Thursday, November 26, 2015

Stories for Chip: A Tribute to Samuel R. Delany, edited by Nisi Shawl and Bill Campbell

Find this book
(SF) A disappointing collection of short stories by authors inspired by Samuel R. Delany. These aren't works imitating Delany's style; they're just by authors who felt he had influenced their writing. (102,100 words; Time: 5h:40m)

Rating: ★★☆☆☆, Not Recommended

"Stories for Chip: A Tribute to Samuel R. Delany," edited by Nisi Shawl and Bill Campbell, published on by .

Mini-Review
I've always been a big fan of Samuel Delany, so when I saw that other reviewers had recommended a few stories from this volume, I was eager to read it. My first disappointment was that out of 33 stories, only 21 are new fiction. The rest are either reprints (some as old as 1968) and/or non-fiction. I only read the 21 new stories, so my review only addresses those.

Only 19 of the 21 have any speculative element. Of those, I only found one story to recommend. The rest are murky, they use scientific words with no apparent understanding of their meaning, they frequently don't end, and they often don't seem to have anything to say at all.

A Comparison With Delany's Actual Works
I was so disappointed by these stories that I wondered if perhaps I wouldn't like Delany's own stories if I read them today, so I went back and reread a couple of them. I'll talk a bit about The Einstein Intersection (Wesleyan University Press, 1967), since I have seen it criticized as unscientific, confused, and inconclusive.

On rereading it, I actually enjoyed the book more than when I read it thirty years ago. The narrative is very clear; the reader never wonders what's happening at any given moment in the story. The plot is straightforward. It starts with Lo Lobey trying to resurrect his lost love and ends with him accepting that that's not to be and deciding to seek his fortune in the stars. The subject is important and timeless. It's about love, and loss, and being different. And it's about growing up.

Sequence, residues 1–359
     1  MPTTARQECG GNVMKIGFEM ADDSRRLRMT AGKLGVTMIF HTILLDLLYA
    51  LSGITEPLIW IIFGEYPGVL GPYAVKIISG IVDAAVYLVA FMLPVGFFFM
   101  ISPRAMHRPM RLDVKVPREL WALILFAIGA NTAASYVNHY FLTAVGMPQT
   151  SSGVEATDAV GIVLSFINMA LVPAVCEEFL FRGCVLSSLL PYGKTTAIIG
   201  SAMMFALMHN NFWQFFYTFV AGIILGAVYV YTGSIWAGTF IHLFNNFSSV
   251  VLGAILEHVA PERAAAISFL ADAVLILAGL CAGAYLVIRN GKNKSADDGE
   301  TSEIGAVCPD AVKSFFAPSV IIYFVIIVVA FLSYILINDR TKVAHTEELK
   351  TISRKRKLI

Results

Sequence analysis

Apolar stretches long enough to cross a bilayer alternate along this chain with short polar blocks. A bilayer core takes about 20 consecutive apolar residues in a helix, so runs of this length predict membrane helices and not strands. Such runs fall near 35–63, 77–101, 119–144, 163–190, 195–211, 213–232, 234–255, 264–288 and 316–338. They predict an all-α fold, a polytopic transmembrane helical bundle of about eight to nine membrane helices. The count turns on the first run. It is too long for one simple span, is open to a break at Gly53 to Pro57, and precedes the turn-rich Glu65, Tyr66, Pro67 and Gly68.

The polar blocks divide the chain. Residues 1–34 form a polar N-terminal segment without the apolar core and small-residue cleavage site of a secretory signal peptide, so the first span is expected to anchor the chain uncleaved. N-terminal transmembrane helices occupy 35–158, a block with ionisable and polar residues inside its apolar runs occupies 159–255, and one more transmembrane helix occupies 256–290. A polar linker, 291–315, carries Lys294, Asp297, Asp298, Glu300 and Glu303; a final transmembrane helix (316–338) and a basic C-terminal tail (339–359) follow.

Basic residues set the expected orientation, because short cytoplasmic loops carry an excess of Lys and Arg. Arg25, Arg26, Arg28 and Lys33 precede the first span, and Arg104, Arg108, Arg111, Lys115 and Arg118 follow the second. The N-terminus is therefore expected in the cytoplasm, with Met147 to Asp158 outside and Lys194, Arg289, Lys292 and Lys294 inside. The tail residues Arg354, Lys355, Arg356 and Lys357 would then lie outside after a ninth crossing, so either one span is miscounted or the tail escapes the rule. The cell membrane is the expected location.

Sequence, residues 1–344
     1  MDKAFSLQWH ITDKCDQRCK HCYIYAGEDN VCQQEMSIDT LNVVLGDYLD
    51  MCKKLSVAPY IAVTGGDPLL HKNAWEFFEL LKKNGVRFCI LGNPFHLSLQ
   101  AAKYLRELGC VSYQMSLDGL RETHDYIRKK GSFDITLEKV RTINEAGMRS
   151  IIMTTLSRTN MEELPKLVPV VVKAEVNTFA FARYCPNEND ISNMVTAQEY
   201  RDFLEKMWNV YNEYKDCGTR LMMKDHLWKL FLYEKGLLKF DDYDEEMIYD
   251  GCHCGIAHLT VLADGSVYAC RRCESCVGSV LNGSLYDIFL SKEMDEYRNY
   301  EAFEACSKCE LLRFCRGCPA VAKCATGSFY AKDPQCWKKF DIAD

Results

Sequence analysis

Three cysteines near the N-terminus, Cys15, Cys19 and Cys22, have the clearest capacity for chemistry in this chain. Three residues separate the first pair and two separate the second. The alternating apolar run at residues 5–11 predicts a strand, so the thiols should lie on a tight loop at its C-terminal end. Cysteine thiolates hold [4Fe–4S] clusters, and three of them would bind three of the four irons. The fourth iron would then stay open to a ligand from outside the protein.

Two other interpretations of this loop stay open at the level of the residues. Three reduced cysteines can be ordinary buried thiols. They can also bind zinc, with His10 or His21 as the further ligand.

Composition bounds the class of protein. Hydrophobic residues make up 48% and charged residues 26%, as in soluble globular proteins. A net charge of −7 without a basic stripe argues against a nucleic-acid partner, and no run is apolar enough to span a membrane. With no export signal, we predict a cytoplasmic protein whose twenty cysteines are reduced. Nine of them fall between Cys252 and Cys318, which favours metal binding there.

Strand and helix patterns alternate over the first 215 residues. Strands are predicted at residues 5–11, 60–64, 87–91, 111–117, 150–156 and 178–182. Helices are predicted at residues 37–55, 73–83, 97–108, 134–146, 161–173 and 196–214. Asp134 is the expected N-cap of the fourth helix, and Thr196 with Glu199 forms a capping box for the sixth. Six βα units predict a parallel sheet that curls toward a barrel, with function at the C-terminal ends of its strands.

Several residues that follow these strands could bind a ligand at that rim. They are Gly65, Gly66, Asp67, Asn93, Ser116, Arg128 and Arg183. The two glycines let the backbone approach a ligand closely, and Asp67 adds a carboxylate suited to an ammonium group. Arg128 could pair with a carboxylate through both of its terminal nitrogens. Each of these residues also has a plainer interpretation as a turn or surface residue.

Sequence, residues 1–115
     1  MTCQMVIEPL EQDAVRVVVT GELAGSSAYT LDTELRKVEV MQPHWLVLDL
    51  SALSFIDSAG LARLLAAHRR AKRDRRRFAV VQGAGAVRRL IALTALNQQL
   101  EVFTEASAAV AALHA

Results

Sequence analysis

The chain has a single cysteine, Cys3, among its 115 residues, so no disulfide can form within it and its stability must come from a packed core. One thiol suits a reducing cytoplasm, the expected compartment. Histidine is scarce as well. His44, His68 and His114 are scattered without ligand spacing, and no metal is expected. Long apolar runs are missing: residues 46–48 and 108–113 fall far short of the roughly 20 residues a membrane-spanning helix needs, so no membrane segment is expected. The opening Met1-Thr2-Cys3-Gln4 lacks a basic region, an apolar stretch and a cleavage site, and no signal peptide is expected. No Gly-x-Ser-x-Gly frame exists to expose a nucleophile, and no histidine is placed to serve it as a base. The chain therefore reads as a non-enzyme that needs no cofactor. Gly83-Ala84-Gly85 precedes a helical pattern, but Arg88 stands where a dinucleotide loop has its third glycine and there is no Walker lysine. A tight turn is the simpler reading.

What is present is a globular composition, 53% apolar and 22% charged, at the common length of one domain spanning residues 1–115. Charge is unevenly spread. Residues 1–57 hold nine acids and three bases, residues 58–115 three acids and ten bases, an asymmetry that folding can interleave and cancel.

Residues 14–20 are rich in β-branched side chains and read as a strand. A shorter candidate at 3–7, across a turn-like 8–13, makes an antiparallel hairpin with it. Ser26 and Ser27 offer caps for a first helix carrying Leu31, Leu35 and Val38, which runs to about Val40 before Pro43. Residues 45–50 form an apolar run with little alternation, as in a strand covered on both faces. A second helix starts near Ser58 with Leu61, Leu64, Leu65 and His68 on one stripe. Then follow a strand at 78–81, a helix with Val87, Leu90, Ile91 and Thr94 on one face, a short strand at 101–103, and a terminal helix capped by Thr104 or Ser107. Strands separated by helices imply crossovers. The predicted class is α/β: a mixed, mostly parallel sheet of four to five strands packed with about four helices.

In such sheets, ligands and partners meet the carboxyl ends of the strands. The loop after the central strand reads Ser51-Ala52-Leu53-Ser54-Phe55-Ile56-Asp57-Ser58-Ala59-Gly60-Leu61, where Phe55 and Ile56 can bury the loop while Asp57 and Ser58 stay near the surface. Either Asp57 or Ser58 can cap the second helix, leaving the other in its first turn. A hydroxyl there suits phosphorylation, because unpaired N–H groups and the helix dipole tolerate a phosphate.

As a more mature reader, I enjoyed the author's literary and historical allusions, and it was fun to look for the deeper meaning(s). The "bad science" is entirely in the what-if of the story (what if human beings vanished and Earth was reoccupied 30,000 years later by aliens obsessed with recreating our civilization and even our physical form). But that's okay in the setup, and Delany doesn't keep hitting us up with new impossible things every few pages.

Nor do you need to assume that anything is meant literally. A fun way to read it is to assume the Lo Loby is Delany himself, a young writer who'd lost his innocence and searches for it without success through all the old tropes before seeking his fortune in science fiction. The "vanished human beings," in that interpretation, would be the writers before say 1950, whose culture has vanished and whose world we inhabit as uneasy imposters. I can't say that that's what Delany really meant, but you can take that interpretation a long way. And there are other ways to read it, if you're so inclined.

More broadly, then, I'd say Delany's works tend to have multiple interpretations. They make you think about things. They open your eyes. And they're fun.

Sadly, not a single story in this volume measures up to that. They seem to be complicated for no reason. Instead of choosing between two or three interpretations, we're unable to find any at all. And reading through this volume was pure drudgery.

Exceptions
There are two fun stories in the volume, but only one of them is SFF. Jamaica Ginger is a neat little adventure story set in a steam-punk 1930s New Orleans. It has almost no symbolism and almost no cultural references, which makes it the least Delany-like story in the volume, but it's an entertaining read without being a lightweight.

Characters in the Margins of a Lost Notebook is literary fiction set in 1970s or 1980s New York City. It has no speculative element whatsoever, and it has little or no plot, but it's without doubt the best read of any story in the volume. What saves it is "Jack," a thinly-disguised Samuel L. Delany, who mentors the narrator and offers great bits of salty wisdom. His advice on the subject of writing a negative review of a high-profile book: "If you're going to fuck the dog, stick it all the way in."

Conclusion
If you already bought the book (or if money is no object), just read those two stories and skip the rest. Otherwise, I suggest you pass on this dog.

Other Reviews: Search Web, GoodReads.com

5- & 4-Star Stories: 1;  Estimated Time: 28m (9K words)
Recommended By Stories: 6;  Estimated Time: 1h:43m (31K words)
Total Stories: 21;  Estimated Time: 5h:40m (102K words)
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Rating: 5 -> Hugo-worthy


Rating: 4 -> Recommended

Jamaica Ginger by Nalo Hopkinson And Nisi Shawl  Time: 28m (9K words)  IssueStories for Chip